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Growing Your Own Web Framework With Rack Part 4

In part 3 of this series, we focused on isolating our view related code to a views directory, and moving it out of our main application code. In this post, we’ll continue to separate out the view related code for our other routes, and then finally, we’ll extract some more general purpose methods to a framework. This is the last step in our work to “grow” a web development framework. Let’s get started.

Growing Your Own Web Framework With Rack Part 3

Part 2 of this series focused on routing and expanding our application to serve back HTML responses. In this post, we’ll start to think about separation of responsibilities between our core routing logic and our views. We’ll introduce a library ERB that will help us turn Ruby code into HTML. Finally, we’ll update our application code to include view templates.

Growing Your Own Web Framework With Rack Part 2

In part 1 of this series, we explained what Rack is and how to use it to build a simple web application. In this post, we’ll be expanding on that by adding in different URL endpoints. To do this we’ll also have to delve a bit deeper into how Rack keeps track of request data via headers.

Growing Your Own Web Framework With Rack Part 1

This post is the first part in a four part series on how to build your own web framework with Rack. The 4-part series will cover what rack is, how to use it to handle incoming requests, how to use templating techniques to return a response, and finally, how to extract common code to plant the seeds for your very own web application development framework. Here in part 1, we’ll give a short introduction on what Rack is and how to use it. We’ll end things by building a simple Rack application.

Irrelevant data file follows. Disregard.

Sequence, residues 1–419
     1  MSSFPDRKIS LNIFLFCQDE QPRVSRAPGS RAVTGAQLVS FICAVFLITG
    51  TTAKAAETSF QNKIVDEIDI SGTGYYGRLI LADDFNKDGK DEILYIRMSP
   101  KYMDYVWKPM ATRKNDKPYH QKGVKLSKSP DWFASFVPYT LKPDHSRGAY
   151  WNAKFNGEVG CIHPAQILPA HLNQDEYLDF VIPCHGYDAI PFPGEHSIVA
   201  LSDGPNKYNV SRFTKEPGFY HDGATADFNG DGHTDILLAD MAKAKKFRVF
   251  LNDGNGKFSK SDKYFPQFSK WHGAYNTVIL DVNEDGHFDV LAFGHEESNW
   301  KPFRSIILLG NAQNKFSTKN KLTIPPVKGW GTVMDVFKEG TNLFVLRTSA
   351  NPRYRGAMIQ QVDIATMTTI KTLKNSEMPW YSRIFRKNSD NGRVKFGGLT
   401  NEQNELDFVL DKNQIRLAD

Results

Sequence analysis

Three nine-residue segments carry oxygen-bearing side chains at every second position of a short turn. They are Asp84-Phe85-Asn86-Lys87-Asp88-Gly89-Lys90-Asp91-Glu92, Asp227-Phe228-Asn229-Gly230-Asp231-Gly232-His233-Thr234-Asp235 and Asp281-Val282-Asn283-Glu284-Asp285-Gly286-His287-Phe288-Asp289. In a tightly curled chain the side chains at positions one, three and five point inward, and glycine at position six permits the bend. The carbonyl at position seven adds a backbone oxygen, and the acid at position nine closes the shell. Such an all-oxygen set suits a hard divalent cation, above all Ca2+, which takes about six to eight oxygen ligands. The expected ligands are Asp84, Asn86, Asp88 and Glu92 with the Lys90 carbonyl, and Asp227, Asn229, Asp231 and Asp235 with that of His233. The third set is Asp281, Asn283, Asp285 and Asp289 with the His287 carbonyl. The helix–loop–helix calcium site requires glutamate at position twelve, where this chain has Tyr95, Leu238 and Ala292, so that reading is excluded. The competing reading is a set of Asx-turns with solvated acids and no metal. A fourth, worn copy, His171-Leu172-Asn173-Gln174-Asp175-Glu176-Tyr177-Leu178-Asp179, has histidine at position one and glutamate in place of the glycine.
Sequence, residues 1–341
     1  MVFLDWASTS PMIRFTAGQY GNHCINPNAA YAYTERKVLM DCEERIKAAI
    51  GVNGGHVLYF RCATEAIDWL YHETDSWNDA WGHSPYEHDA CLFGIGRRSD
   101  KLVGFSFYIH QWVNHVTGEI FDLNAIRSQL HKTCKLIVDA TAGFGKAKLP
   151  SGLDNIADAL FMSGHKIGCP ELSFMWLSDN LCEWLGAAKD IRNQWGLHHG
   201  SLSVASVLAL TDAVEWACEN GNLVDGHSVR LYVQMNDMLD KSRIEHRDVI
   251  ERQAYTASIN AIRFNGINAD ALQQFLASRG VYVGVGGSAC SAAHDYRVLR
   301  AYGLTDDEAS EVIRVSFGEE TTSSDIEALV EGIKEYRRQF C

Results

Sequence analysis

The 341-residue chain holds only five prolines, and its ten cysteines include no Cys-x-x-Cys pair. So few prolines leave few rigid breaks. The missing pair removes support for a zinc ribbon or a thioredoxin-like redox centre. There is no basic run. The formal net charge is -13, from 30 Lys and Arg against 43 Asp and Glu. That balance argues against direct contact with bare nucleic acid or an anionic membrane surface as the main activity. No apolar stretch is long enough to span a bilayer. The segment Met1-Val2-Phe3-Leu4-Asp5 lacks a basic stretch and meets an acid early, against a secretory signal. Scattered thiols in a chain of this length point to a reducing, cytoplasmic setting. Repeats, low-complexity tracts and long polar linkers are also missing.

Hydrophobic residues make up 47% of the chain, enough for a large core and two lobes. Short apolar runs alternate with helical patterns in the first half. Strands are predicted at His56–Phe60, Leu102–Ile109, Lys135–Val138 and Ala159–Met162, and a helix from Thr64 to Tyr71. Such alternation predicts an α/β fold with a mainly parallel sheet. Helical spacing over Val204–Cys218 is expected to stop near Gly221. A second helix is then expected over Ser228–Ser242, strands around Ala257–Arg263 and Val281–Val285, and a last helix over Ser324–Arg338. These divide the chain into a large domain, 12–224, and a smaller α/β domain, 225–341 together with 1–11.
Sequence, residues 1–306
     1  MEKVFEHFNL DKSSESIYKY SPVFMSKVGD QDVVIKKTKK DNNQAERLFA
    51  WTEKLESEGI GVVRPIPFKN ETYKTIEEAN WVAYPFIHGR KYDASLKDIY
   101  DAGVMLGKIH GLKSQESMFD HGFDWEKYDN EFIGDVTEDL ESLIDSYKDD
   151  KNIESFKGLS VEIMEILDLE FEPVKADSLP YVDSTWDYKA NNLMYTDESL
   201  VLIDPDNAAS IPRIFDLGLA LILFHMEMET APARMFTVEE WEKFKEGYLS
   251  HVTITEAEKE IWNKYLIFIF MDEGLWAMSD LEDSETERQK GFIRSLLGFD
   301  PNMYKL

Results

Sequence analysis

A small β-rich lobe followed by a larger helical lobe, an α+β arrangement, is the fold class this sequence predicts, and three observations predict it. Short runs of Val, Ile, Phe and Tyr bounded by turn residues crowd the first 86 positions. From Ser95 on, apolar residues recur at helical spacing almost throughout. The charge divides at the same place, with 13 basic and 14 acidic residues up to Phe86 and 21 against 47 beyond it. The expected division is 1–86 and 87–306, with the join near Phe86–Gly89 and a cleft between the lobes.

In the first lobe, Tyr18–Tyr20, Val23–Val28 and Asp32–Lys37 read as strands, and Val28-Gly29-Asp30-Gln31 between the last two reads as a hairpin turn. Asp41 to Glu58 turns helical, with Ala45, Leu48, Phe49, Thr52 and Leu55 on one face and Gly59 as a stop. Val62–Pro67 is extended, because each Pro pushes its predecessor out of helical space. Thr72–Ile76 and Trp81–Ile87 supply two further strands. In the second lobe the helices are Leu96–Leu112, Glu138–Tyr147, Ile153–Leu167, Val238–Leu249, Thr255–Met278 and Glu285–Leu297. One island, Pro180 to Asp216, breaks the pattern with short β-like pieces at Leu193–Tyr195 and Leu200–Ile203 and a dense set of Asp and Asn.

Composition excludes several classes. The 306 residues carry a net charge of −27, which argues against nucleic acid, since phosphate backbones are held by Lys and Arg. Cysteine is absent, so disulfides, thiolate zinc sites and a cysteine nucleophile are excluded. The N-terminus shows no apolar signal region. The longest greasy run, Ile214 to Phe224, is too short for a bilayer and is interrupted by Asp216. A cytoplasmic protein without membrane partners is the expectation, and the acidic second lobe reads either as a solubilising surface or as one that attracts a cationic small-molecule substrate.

Meet a Student: Darren Burgess

Darren Burgess stopped by the podcast to talk about his experience at Launch School. Before starting at Launch School, he spent many years as a Filemaker Pro developer and even attended a different coding “bootcamp”. We talked about the learning process he’s been on and why he almost left Launch School. Subscribe to the Launch School Podcast on iTunes, or just play this episode below.

Meet a Student: Rachel Minto

Rachel is currently in the “Advanced” phase of the program, having completed all back end and front end courses. She stopped by to share her experience so far at Launch School. We talked about:

  • her art and philosophy background and how that’s affected her programming journey
  • balancing Launch School with a fulltime job
  • Women Who Code and women in tech
  • her experience going through the Advanced courses
  • the importance of gaining confidence in what you do

Subscribe to the Launch School Podcast on iTunes, or just play this episode below.

Meet a Student: Tommy Caruso

In this interview, Tommy Caruso shares with us his strategy of balancing a family, kids, finishing up his Computer Science degree, and Launch School all at the same time. Oh, and he’s also interning in his spare time. We had a great time chatting about time management, study habits, and the sacrifice it takes to really learn things to depth. Listeners may also be interested in his take on comparing his Computer Science courses with that of Launch School.